BUFFALO, N.Y. — Perhaps the best word that provides an overall evaluation of The Photograph is “solid.”

Solid direction of solid actors portraying solid characters with a solid plot. Yeah. That’s it! “Solid” does the job.

That’s both the best and worst thing about this film. It never really goes beyond solid. There’s no real dramatic tension. The characters are almost all flawed in one way or another, but never past the point of likability. You don’t want to see them fail, but you never really root for them either.  

The Photograph tells a few different, but intertwined relationship stories. Back in the early 80s, an aspiring young photographer from Louisiana, Christina (Chanté Adams, Bad Hair, Monsters and Men), is carrying on a romance with Issac, (Y’lan Noel, The Weekend, The First Purge).

But Christina has big dreams of moving to New York City and embarking on a career in photography. Issac can’t really wrap his head around leaving the bayou.

In the present day, Christina after a successful career as a photographer, has passed on from cancer. Her daughter, Mae, (Issa Rae, Little, The Hate U Give), never terribly close to her mother, now has to deal with her effects, and finds a long letter from her mother in a safety deposit box.

At the same time, Michael, (Lakeith Stanfield, Knives Out, Uncut Gems) a photojournalist is doing an article about Christina. Of course, he meets Mae. There is an attraction and the two begin a tenuous relationship, as Mae is sorting through all the emotional baggage that came with things revealed in that letter.  

Director Stella Meghie (The Weekend) has a sure hand on this film’s tiller. She deals well with the film’s multiple timeless scenes and never lets the audience get confused about just when a particular scene is taking place. Her pacing is deliberate, sometimes verging on the plodding, and with the exception of an evacuation scene, is utterly without excitement. Meghie takes no directorial risks.

The film has a stellar cast, led by Rae and Stanfield. These two exhibit a great deal of chemistry and the scenes the two share are the ones that come the closest to being exciting. Lil Rel Howery (Good Boys, Brittany Runs a Marathon) brings just the tiniest bit of humor to his scenes. Everyone else is good; but just good.  

The Photograph is, at its heart, a multi-generational story of fundamentally honest and good people making tough life decisions and figuring out how to make the best choices.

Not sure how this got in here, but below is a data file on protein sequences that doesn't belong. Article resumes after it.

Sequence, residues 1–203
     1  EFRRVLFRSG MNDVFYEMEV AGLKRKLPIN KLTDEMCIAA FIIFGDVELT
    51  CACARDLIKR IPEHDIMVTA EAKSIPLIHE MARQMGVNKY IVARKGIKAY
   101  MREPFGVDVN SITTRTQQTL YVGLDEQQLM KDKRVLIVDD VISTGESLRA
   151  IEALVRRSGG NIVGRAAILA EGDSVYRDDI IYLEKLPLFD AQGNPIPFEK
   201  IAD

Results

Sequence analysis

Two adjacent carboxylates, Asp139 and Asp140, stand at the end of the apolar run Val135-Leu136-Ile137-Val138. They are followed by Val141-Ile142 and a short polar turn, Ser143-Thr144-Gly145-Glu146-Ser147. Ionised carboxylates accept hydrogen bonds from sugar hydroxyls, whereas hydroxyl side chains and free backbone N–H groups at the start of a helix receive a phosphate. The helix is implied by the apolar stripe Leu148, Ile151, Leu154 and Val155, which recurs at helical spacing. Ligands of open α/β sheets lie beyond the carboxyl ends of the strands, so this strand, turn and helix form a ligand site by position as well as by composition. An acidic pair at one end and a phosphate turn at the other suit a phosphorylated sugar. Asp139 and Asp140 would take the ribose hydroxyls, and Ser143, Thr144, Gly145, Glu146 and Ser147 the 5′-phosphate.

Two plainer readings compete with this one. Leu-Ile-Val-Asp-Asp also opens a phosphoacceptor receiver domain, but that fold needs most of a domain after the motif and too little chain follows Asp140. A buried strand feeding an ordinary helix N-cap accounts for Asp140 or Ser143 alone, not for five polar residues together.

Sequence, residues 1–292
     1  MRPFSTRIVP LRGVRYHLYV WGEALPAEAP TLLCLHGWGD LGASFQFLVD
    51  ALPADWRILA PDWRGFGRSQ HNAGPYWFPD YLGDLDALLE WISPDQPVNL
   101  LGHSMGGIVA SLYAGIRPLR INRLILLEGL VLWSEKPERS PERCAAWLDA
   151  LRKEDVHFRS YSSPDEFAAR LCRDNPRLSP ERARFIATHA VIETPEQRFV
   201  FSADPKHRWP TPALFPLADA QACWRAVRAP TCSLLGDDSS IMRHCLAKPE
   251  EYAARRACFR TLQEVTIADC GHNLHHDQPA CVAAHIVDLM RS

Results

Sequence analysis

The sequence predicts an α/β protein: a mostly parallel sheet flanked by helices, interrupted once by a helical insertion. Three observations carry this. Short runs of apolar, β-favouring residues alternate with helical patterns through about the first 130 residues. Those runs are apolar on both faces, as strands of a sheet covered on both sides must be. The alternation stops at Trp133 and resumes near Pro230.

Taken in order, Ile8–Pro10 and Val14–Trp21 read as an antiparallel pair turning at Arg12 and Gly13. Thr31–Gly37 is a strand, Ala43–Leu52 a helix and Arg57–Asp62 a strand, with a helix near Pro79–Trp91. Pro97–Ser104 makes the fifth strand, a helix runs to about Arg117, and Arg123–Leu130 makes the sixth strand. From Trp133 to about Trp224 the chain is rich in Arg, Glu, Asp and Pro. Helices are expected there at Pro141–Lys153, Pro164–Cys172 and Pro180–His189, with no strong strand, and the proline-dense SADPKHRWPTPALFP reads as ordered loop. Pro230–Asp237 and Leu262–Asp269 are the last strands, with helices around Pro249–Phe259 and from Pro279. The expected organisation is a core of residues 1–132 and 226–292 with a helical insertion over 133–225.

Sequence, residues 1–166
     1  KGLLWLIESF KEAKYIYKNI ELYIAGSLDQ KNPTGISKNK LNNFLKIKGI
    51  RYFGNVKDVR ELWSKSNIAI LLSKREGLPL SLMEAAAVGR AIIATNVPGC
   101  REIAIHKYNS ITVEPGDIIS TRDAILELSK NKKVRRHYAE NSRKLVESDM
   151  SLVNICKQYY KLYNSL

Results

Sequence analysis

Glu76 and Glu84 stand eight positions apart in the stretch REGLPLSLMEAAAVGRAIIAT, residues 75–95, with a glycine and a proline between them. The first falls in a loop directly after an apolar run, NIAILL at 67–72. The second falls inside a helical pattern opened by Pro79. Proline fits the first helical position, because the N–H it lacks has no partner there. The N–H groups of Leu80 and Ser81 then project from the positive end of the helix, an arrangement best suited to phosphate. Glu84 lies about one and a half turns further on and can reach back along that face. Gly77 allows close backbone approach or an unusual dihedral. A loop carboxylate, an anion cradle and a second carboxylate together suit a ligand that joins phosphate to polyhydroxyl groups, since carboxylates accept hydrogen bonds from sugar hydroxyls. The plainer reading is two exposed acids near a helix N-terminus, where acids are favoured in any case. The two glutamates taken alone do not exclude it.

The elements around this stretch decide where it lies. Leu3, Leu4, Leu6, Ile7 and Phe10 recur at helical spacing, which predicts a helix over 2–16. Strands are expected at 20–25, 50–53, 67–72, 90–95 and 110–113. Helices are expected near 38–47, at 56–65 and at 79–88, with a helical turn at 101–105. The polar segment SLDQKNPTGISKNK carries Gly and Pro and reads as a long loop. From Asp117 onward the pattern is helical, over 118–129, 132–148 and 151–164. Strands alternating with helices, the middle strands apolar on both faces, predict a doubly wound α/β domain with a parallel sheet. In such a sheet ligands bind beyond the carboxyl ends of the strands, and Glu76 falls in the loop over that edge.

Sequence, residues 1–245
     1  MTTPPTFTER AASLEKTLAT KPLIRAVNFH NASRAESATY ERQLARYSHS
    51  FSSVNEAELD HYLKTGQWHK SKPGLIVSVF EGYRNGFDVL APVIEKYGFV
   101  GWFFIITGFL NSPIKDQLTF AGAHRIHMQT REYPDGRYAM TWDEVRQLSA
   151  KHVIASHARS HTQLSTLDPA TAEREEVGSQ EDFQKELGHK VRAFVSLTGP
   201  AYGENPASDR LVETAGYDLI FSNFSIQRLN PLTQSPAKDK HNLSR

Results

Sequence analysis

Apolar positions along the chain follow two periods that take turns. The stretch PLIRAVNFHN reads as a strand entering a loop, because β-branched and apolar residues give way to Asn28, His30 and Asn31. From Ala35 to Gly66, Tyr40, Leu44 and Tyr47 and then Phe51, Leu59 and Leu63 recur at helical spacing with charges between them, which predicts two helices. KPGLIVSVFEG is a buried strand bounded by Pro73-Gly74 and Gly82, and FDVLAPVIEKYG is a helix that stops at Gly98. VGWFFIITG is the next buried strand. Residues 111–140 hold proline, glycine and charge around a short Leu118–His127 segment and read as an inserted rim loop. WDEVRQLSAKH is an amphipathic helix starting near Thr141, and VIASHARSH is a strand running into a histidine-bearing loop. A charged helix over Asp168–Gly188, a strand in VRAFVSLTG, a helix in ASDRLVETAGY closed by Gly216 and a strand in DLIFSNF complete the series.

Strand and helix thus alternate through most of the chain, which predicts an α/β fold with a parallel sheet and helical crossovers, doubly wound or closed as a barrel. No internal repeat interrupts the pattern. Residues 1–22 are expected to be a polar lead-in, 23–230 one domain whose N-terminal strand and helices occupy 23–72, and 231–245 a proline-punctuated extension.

There are no extreme characters. There are no highly charged emotional scenes. None of the characters display extreme emotion or really bad behavior. Rae’s charm and her undeniable chemistry with Stanfield notwithstanding, The Photograph neither makes an audience member cheer, or cry. 

There is no emotional catharsis, nor the need for one. Everyone is reasonable. Still, within those boundaries, The Photograph tells of romances that fail, and those that succeed; and it does so right well.

If the film-goer is expecting a riotous rom come, and a Nicholas Sparks style romance, that filmgoer will be disappointed. The Photograph is quiet and sincere and nicely done. It’s not a great film, but it is a good one, and as such, deserves 3 and a half out of 5 boxes of popcorn.

Will Ferrell and Julia Louis-Dreyfus in the film DOWNHILL.
Photo by Jaap Buitendijk. © 2020 Twentieth Century Fox Film Corporation All Rights Reserved

Other openings this weekend include Downhill.  This black comedy stars Will Ferrell (Daddy's Home, The Other Guys and Julia Louise-Dreyfus (Deconstructing Harry, Enough Said). It's based on the very much acclaimed Force Majure from 2014. It’s Rated R for language and some sexual material.

Blumhouse's Fantasy Island
Austin Stowell, Michael Peña and Lucy Hale in Columbia Pictures’ BLUMHOUSE’S FANTASY ISLAND.
Photo Credit Christopher Moss Copyright ©2019 CTMG, Inc. All rights reserved.

Another remake will indulge our fantasies as Fantasy Island is opening. It's not about the Grand Island amusement park, but is a horror version of the 70s television series. Michael Pena is a fine actor, but he’s no Ricardo Montalban and Hervé Villechaize's Tattoo is nowhere to be found. It’s Rated PG-13 for violence, terror, drug content, suggestive material and brief strong language. 

Jim Carrey in SONIC THE HEDGEHOG from Paramount Pictures and Sega.
Photo Credit: Courtesy Paramount Pictures and Sega of America.

Another video game is showing up on the big screen: Sonic the Hedgehog The critics are really liking Jim Carrey (Ace Ventura: Pet Detective, Eternal Sunshine of the Spotless Mind) as the villain, Dr Robotnik. It’s Rated PG for action, some violence, rude humor and brief mild language.

I'm Larry Haneberg and I'm taking you 2 The Movies.

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